Since he is completely not tuned to important (meaningful) dates, I guess I should have known better. For example: Recently, when the day of my birthday was coming to a close with no mention of anything, I gently prodded him by asking him if he remembered any significance to the day. His response (I’m not kidding): “Is it our anniversary?”

Some people may not call this a problem, but still it would be nice to receive some special attention once in a while.

I wonder if this is related to the trait of stinginess. My husband does have a bit of miserliness in him, I must admit. If my children or I am in need of something, like in the way of clothing, it takes some convincing to make him come around. This can become frustrating, especially since it’s not like I have my own expense account or am independently wealthy.

By the way, I have a close friend whose husband buys her flowers every Friday. This not only enhances their Shabbos table but I am sure promotes good feelings between them as well. But I wouldn’t dare to suggest such a move to my husband!

Do you have any ideas, Rachel, of how I can get him to sit up and take notice?

In need of some TLC

Dear Need,

It is by no means a simple task to alter one’s nature. Your husband may have grown up seeing his father act in this manner; perhaps his parents struggled financially and were therefore watchful of their limited resources.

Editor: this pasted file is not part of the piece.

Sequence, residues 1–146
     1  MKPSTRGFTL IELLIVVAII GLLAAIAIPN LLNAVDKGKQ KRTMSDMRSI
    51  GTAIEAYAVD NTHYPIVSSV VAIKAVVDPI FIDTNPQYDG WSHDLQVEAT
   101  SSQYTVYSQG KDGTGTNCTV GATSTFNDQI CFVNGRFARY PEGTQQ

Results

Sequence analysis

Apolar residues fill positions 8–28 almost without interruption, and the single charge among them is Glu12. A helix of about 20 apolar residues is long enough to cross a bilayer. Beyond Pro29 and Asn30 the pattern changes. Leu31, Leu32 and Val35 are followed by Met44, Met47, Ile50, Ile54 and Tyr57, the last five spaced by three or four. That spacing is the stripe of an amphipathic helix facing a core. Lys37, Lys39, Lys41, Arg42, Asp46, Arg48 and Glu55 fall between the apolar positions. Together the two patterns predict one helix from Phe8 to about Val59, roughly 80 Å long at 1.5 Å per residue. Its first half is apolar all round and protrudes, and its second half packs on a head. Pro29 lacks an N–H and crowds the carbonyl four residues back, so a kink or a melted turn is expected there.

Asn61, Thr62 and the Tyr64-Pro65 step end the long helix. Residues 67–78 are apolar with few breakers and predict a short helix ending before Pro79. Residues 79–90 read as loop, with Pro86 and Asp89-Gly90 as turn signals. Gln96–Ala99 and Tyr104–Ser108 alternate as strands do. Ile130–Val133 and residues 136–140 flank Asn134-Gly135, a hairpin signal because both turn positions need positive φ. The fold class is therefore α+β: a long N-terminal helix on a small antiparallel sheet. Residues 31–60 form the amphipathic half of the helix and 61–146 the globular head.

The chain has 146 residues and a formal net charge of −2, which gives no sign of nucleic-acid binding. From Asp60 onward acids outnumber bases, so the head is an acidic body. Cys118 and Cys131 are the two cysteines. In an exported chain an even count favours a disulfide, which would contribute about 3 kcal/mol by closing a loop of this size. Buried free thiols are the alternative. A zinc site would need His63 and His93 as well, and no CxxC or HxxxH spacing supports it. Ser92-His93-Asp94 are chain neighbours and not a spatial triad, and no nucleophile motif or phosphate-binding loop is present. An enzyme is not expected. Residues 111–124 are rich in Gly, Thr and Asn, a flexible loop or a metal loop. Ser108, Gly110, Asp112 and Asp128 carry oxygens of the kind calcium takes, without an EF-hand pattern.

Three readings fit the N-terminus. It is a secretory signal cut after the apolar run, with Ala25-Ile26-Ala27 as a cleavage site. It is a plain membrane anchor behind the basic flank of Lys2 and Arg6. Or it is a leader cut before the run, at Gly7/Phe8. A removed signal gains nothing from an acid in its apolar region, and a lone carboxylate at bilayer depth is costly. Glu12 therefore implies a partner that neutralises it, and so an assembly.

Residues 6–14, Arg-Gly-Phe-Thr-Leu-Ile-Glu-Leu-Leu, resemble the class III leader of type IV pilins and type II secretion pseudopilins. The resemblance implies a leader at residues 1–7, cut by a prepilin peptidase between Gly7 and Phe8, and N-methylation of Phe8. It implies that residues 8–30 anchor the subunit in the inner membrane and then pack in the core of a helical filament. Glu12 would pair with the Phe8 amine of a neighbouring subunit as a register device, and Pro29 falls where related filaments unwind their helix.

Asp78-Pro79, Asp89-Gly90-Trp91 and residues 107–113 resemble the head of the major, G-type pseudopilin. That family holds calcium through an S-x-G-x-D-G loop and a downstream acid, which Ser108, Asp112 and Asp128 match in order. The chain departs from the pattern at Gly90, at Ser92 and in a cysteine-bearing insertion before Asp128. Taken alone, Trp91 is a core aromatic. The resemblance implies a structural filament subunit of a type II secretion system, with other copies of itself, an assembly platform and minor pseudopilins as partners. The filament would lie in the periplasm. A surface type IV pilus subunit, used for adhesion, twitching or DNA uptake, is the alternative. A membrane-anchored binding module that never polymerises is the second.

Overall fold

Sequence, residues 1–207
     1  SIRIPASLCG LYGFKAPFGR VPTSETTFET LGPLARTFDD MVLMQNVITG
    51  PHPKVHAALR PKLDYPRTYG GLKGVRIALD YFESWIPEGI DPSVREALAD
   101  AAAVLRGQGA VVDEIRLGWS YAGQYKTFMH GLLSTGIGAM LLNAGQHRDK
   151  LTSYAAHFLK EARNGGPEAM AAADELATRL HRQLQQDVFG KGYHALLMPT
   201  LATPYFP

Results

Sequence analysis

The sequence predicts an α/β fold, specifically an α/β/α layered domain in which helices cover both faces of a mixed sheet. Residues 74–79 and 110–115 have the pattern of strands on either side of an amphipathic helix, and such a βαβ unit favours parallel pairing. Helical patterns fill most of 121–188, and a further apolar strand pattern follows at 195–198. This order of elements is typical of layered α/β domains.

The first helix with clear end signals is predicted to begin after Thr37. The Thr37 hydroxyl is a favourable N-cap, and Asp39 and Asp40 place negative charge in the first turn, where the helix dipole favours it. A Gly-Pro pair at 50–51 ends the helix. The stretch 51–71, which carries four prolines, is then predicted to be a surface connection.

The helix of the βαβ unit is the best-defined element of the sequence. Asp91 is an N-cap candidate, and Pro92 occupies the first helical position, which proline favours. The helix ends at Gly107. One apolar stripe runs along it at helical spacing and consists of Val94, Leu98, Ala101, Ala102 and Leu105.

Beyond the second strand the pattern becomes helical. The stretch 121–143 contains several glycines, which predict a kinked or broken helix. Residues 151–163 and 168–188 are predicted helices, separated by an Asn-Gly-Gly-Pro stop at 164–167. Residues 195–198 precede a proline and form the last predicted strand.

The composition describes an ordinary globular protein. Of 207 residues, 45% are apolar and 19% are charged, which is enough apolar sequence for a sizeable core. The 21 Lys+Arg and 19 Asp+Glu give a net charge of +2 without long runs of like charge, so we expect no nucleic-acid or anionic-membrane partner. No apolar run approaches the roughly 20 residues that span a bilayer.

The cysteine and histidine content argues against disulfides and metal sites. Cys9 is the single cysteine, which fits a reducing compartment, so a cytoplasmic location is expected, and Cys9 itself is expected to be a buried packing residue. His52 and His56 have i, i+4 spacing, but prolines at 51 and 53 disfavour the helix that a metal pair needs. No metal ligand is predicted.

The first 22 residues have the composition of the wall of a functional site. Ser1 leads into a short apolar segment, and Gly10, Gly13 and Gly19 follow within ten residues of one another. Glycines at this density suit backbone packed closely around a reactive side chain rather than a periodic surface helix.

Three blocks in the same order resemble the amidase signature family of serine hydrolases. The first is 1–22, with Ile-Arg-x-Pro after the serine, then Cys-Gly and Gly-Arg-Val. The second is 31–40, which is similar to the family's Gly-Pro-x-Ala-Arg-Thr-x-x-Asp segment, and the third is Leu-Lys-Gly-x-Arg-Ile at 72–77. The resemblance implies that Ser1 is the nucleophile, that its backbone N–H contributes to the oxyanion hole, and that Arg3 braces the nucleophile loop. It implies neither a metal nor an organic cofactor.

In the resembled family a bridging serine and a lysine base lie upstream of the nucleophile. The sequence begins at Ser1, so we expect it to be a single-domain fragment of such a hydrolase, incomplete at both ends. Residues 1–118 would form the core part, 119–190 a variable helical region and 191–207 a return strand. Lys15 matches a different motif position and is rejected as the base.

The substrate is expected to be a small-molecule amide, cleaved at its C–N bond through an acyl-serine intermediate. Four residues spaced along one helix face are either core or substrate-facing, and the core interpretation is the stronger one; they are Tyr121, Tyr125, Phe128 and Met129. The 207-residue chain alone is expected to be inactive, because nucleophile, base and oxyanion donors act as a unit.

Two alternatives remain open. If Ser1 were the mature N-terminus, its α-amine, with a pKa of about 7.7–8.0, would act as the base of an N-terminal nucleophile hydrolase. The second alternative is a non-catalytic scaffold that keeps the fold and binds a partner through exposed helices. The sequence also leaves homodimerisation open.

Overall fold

The reality is that it takes all kinds. The practical-minded, for instance, use their wives’ birthday or anniversary occasions to purchase a badly needed refrigerator or to replace an on-the-wane vacuum cleaner, while the chivalrous type usually treat their wives to a night out plus buy them a present.

Then there are the extremes: the lavish spender who, besides splurging on an expensive piece of jewelry even though she already has more trinkets than she knows what to do with, surprises his wife with plane tickets to the French Riviera – while at the other end the no frills/no bills kind cannot be bothered with remembering any special dates.

And yet all this can work out well, believe it or not, when like marries like. However, when, as in your case, oblivious meets up with sentimentalist, adjustments have to be made by both.

Going with the assumption that your husband has some saving graces (you don’t discuss any) and that the something that attracted you to him is still there and attractive, you might want to start teaching him about some of the finer things in life versus sitting back and waiting for things to change. Try squirreling some money away from your weekly household allowance, then surprise him for his birthday – by getting dressed up to go out for dinner, and, if your savings will stretch that far, with a small gift (or a card). He is bound to be motivated to reciprocate on your special day. In other words, do for him and he will be inclined to do for you.

You may also (gently) remind him that any money spent to enhance Shabbos or Yom Tov is money earned. In other words, Hashem repays us for such expense – hence, flowers for the Shabbos table is money well spent.